Marian knew she needed Beth. “I wanted to be able to rely on her as my parenting partner; it was too hard for me alone. I understood that our schedule needed to work for both of us so I could get my needs met. It wasn’t a control thing, or us trying to hurt each other.”

Their schedule evolved with time. Marian stayed in their house. Her work as a writer gave her flexibility, so she initially spent more time with Wyn. Beth moved into a rental and then into a house with her new girlfriend. At first, Wyn spent five nights a week with Marian and two nights a week with Beth. Two years later, they shifted to four nights and three nights — Monday, Wednesday, and Friday with Beth, and with Marian the other nights.

Marian and Beth tried to have the same rules in their houses so Wyn wouldn’t have to reconcile two different worlds. They found houses close to each other so their daughter could walk back and forth between them. Marian felt lucky that their finances let them live with school and friends all within a few blocks.

Marian had more faith in her ex’s parenting skills than in her own, something rarely heard in these interviews. She felt herself too lax. “I wish I could be the kind, thoughtful disciplinarian who lets natural consequences happen. It’s at Beth’s house where homework, chores, and manners are addressed.”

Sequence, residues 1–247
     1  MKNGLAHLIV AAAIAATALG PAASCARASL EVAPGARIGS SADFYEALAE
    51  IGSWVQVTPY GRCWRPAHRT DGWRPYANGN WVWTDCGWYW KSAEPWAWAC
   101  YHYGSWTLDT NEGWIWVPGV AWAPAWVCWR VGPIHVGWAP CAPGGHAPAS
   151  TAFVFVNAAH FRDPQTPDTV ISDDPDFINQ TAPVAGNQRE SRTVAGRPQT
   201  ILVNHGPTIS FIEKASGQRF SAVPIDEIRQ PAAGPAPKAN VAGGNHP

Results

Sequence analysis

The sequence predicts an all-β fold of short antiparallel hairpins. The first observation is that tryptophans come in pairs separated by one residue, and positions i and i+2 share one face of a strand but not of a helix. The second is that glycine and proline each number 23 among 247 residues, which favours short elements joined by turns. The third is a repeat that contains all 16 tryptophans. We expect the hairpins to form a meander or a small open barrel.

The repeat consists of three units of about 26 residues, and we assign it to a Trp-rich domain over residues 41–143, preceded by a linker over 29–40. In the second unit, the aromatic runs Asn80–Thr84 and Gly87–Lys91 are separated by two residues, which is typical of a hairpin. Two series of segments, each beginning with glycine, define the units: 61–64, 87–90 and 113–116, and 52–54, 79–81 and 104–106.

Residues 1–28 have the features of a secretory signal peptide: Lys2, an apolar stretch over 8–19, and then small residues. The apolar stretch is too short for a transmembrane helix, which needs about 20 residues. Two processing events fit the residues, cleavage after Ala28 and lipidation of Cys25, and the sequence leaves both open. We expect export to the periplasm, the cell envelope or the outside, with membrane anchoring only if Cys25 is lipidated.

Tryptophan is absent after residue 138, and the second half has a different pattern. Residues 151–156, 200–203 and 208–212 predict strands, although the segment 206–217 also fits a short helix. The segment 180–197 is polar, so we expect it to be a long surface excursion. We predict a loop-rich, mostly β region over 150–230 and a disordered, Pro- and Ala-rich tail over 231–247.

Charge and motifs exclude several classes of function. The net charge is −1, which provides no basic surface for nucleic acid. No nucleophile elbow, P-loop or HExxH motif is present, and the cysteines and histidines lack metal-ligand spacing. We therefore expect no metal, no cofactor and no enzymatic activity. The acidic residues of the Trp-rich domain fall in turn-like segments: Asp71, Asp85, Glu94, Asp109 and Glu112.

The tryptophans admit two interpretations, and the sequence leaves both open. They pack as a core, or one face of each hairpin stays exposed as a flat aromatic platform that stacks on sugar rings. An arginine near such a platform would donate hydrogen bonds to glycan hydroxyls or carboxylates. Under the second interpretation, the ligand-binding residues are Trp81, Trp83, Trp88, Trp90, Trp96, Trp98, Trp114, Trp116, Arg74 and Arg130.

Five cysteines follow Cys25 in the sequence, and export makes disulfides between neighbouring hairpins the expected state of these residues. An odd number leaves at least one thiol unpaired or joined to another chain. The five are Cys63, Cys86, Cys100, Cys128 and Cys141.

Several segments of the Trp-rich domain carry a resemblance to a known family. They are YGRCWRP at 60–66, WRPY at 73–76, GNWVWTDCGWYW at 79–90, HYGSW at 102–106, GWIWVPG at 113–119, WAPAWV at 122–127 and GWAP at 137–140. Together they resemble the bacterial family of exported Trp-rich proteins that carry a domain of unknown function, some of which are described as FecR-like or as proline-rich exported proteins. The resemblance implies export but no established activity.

Overall, the parents’ respect for each other continued and their co-operation evolved. They celebrated Wyn’s birthday together, and the parents and new partners plus Wyn were now taking some vacations jointly. “We love each other still; it’s more like sisters now.”

What Does This Story Tell Us? 

Almost all mothers feel the weight of society’s — and their own — expectations to be stellar. These mothers felt an extra need to be exemplary as role models and visible pioneers. Also, in order to become pregnant, they had sought out invasive physical procedures. Each felt an intense need to make their family work. It was, therefore, extraordinarily painful to acknowledge the breakdown of the relationship. It took extra courage to accept the new reality.

Marian and her partner shared similar expectations of co-parenting and fairly high self-management skills. They kept the focus on their daughter and avoided open conflict. Marian’s biggest challenge was to grieve the loss of their intact family and rebuild a new life. She found that meeting her daughter’s needs kept her in the present and helped her survive.

Marian found that her children’s needs anchored her in the early days of overwhelming feelings. By reaching out in many directions, she found support and learned new self-management skills.

All the mothers felt deep satisfaction with their growth and their children’s well-being. Given the extra pressures on each, I was impressed at their ability to survive, develop, and coParent.